“Short-sighted”: Startup community blasts Commission of Audit’s funding findings
The National Commission of Audit report’s contention that government support of startups provides no real benefit to the community is flat-out wrong, according to a number of startup industry figures and two major reports into the industry.
Rui Rodrigues, investment manager of Tank Stream Ventures, says the commission’s suggestion is ridiculous.
“It’s a very short-sighted view and there isn’t any logic behind it,’’ he says.
“They’re essentially saying that the thousands of jobs created through startups and technology have had no impact on the economy.”
It’s an opinion echoed by Sydney Angels management committee member Richard Dale.
“The verdict’s been in for quite a long time, a startup, as long as it’s a high growth potential venture and not a lifestyle business, is a net creator of jobs,’’ he says.
Last month peak not-for-profit StartupAUS released its report Crossroads: An action plan to develop a vibrant tech startup ecosystem in Australia which highlighted that startups play a big role in job creation – three million new jobs are added to the US economy each year by new firms, while existing firms lose a total of a million jobs per year.
The Crossroads report noted Harvard professor of economics Ricardo Hausmann’s observation that Australia has “an amazingly primitive export basket”, which he says will lead to Australia becoming one of the worst performers in the region in terms of GDP growth.
StartupAUS board member Bill Bartee, who is also a co-founder and managing director of Blackbird Ventures and Southern Cross Venture Partners, believes the commission is taking the wrong position.
“Well I don’t know where they’ve been or where they’re getting their data,’’ he says.
“It’s pretty clear when you look across the OECD and the US that there’s been lots and lots of job growth from startup and tech companies that build real businesses.
“The eBays of the world, all of these very, very large tech companies that drive the US economy in a lot of ways were once very small companies.
“It’s not as if the government is assisting a dying industry.”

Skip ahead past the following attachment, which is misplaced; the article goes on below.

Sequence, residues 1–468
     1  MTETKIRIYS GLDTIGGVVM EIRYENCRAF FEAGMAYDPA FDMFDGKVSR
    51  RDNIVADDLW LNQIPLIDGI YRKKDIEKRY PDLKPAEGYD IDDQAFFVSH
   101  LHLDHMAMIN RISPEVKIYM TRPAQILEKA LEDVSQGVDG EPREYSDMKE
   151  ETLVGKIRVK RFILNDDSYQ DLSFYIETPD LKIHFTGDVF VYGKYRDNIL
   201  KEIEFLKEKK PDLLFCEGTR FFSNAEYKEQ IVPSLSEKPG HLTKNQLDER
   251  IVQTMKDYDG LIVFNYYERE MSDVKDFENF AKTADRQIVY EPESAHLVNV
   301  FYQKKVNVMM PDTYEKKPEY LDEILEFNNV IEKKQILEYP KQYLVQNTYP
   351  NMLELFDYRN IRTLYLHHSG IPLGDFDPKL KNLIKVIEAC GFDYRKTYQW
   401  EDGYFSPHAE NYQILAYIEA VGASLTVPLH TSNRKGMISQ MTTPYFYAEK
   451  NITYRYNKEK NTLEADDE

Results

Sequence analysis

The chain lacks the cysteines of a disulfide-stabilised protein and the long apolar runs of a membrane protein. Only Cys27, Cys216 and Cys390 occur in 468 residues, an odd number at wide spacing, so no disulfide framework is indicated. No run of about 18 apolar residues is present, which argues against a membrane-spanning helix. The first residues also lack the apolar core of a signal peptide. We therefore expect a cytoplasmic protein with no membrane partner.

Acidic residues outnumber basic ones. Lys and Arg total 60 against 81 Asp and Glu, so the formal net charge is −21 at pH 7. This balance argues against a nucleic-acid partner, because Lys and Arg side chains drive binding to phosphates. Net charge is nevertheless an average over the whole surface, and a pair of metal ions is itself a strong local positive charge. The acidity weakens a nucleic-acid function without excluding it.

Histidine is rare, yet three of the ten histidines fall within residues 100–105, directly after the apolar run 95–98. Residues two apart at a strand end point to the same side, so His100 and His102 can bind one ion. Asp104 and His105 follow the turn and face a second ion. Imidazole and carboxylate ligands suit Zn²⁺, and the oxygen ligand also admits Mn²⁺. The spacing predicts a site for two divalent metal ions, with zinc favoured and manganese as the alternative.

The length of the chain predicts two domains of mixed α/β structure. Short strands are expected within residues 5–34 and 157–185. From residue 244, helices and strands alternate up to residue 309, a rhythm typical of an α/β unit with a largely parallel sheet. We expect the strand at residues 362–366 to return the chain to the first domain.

artee says he’s a firm believer in the need to support tech startups by providing capital, both human and financial.
Last year, The Startup Economy, a report commissioned by Google and carried out by PricewaterhouseCoopers, found high-growth tech companies have the potential to contribute 4% of the Australia’s GDP by 2033 while adding 540,000 new jobs.
Currently, startups contribute just 0.2% to the nation’s GDP.
The commission’s recommendation that the government abolish Commercialisation Australia and the Innovation Investment Fund would leave Australian startups in a weaker position, says Dale.
“Do they benefit? The answer is yes, these programs are putting experience, talent and money into the startup ecosystem,’’ he says.
“Are they perfect? No. Do they help? Yes. Does taking them away have an impact? Yes, absolutely. Are they the best way of reducing barriers startups and early stage ventures face? Probably not.
“All programs, all solutions can be improved, but we have programs at the moment that are functioning, providing benefit – so don’t turn off the tap.
“The two years it will take to design, approve and implement a new program, that’s two years of lost opportunity.’’
Startup Victoria CEO Lars Lindstrom added to the chorus of startup community voices speaking out against the Commission of Audit’s recommendation.
“In our view CA (Commercialisation Australia) has been doing a good job and the IIF(Innovation Investment Fund) structure of government matching investment 1:1 mirrors successful initiatives elsewhere such as in Singapore,’’ he says.
“I don’t agree that it’s as simple as saying ‘finance can be acquired from the private sector’, VCs have had poor returns and therefore funding is in short supply.”
“It may be short-term cost-saving but in the long run it would be highly damaging to the Australian economy.’’